The full report can be downloaded here
#Canoeing: David McClure finished fifth in the final of the K1 Surface event at the canoe freestyle World Championships in Sort in Spain. At the canoe slalom European Under-23 Championships, Noel Hendrick reached the semi-finals and finished 26th in Liptovsky Mikulas in Slovakia. The Irishman had touches on gates three and 17, incurring four seconds in penalties.
Leading Irish Marine Firm CH Marine has taken over the interests of Bantry Bay Canoes, one of Ireland’s largest and best known canoe and kayak suppliers.
This Bandon-based company was previously owned by the major UK canoe and kayak chain - Canoe Shops Group. Although Bantry Bay Canoes now joins the CH Marine Group of companies, it is the intention of the new owners to keep it as a separate trading entity while employing combined buying power to bring better value to the market.
“We are delighted to have acquired Bantry Bay Canoes” says Nicholas Bendon, CEO of CH Marine. “They hold significant experience and expertise in the kayak world and we are very happy to have retained the expert services of Ciaran, the general manager. We look forward to supporting Ciaran as he continues to advance the company with more great ranges, exciting new products and, of course, the expertise and customer service that Bantry Bay Canoes is known for.”
Bantry Bay Canoes offers one of the most comprehensive ranges of kayaks and equipment available in the country, covering all disciplines. The vast range includes leisure sit-ons, touring, sea kayaking, fishing, whitewater, funboats and rescue kayaks. Bantry Bay Canoes sells top brands such as Perception, Hobie, Feelfree, Ocean, Wavesport, Dagger, Werner, Palm & Yak and many more quality names.
For more information contact Ciaran on 023-8829771 or at [email protected]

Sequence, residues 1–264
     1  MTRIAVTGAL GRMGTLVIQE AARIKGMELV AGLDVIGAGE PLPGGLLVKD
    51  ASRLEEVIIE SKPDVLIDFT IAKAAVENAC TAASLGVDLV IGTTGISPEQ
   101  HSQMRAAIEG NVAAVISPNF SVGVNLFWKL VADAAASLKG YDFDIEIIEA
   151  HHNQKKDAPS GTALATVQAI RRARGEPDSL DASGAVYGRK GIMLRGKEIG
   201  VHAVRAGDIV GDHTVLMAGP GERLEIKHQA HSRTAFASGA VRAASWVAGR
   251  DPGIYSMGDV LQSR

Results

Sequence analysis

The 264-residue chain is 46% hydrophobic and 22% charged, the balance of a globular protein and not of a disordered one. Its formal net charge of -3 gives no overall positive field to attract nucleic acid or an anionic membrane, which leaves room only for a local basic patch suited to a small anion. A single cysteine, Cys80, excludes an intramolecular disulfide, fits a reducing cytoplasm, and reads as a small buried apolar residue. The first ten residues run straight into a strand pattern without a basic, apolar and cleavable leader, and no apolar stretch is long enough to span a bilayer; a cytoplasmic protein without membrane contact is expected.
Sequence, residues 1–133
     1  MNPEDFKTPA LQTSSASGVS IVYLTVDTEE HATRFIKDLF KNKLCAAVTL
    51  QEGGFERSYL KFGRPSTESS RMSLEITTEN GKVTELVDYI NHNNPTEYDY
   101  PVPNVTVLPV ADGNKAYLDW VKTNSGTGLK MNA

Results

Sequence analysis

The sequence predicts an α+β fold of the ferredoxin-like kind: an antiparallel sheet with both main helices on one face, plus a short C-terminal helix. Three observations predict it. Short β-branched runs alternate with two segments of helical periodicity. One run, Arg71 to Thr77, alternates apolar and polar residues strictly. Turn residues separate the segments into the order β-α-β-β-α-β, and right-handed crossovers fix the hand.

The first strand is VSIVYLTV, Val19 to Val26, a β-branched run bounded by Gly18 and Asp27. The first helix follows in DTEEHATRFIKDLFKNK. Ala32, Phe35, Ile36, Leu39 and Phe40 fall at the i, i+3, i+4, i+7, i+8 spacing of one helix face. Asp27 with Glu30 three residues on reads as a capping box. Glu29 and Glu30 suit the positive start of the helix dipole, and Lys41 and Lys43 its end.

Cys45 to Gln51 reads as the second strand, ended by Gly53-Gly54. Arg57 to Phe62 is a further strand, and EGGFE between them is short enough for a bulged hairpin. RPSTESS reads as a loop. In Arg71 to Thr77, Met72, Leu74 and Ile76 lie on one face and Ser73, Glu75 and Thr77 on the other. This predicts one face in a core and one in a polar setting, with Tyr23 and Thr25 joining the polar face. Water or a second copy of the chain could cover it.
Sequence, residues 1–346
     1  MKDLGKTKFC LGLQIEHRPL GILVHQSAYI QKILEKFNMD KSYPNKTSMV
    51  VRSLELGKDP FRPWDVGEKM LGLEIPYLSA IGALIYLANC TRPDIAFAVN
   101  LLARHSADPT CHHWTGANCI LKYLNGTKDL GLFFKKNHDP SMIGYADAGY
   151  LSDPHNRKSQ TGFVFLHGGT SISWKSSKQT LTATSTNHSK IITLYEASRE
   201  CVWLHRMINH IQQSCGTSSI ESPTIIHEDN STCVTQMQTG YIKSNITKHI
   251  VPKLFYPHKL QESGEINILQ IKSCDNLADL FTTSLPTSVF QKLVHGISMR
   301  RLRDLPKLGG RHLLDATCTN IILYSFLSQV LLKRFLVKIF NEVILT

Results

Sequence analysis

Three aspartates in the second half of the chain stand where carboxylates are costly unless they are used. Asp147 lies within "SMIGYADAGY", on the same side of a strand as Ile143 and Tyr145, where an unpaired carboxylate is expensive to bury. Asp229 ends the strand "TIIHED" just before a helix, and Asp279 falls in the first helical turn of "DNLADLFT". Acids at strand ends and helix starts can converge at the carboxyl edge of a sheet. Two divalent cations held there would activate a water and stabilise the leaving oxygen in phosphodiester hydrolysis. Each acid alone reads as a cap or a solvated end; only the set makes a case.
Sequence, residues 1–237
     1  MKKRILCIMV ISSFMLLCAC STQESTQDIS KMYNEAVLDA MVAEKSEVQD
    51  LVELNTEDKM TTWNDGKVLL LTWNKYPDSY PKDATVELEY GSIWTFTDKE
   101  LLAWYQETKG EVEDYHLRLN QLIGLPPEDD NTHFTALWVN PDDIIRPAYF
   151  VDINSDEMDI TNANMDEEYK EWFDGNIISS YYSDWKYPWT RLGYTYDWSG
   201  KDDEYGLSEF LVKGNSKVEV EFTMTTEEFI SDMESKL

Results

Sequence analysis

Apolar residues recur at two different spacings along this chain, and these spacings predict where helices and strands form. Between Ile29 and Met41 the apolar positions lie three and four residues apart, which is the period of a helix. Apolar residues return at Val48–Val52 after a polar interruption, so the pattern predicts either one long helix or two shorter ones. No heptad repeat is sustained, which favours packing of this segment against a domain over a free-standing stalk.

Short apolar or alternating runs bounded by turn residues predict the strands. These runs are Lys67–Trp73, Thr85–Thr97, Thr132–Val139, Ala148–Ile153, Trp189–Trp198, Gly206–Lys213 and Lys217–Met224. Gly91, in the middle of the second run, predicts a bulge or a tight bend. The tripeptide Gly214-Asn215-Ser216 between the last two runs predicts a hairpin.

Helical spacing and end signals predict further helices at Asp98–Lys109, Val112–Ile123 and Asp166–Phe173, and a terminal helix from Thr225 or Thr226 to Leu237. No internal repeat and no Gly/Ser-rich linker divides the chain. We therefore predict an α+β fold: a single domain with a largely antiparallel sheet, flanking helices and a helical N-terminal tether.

Canoe facilities and services blocks are being provided at various locations around Lough Derg as part of a new inland waters initiative aimed at promoting water-based activities on Ireland’s third largest lake.
Clare County Council has confirmed that the proposed Lough Derg Canoe Trail, which is scheduled for completion by January 2017, will see facilities installed in Killaloe, Ballycuggeran, and Scarriff, Mountshannon and Dromaan harbours.
The Trail project is an initiative of the Lough Derg Marketing Group and is being funded under the Lough Derg Stimulus Fund. Waterways Ireland is leading the design and development of the project in partnership with the Clare County Council, Galway County Council and Tipperary County Council.
Trail information signage is being provided at Canal Bank, Killaloe, where upgrade works to the existing slipway are also being undertaken. Works underway at the Mill Yard, Killaloe include the provision of trail information signage, a canoe storage rack and planting/screening of same. The works to Scarriff harbour include trail information signage, a canoe storage rack and screening and the installation of a new floating landing/launching step.
The works at Ballycuggeran include the provision of trail information signage, a canoe storage rack and screening, while Mountshannon will benefit from trail information signage, a canoe storage rack, and screening and the refurbishment of the existing service block. Dromaan harbour will see the provision of trail information signage, a canoe storage rack and screening and the construction of a new 3-unit service block and holding tank.
#Canoeing: Odhrán McNally finished eighth in the K1 men's sprint final at the ICF Wildwater World Championships on the Vrbas river, Banja Luka, Bosnia. The 19 year old was competing in his first senior wildwater Competition. He placed 17th out of 71 boats in the Classic race.
The heats for the Sprint final were hotly contested by world ranking paddlers. McNally placed 7th and 10th respectively winning him a place in the individual sprint final night race. McNally's time in the final, 54.98 seconds, was just 2.35 seconds off the race leader and 2016 WWR World Champion Maxime Richard of Belgium.
McNally now moves on to Celje in Slovenia for to race at the ICF Wildwater Canoeing World Cup Series which takes place June 9th to 11th.
A unique new tidal guide assisting river users to circumnavigate the city’s waterways was launched yesterday at the River Lee Hotel. CORKUMNAVIGATION is a pocket-sized map published by Cork’s community boatyard, Meitheal Mara. The guide is aimed at helping locals and visitors alike discover the city from a new angle by kayak, canoe or rowing boat. See link below to purchase the guide.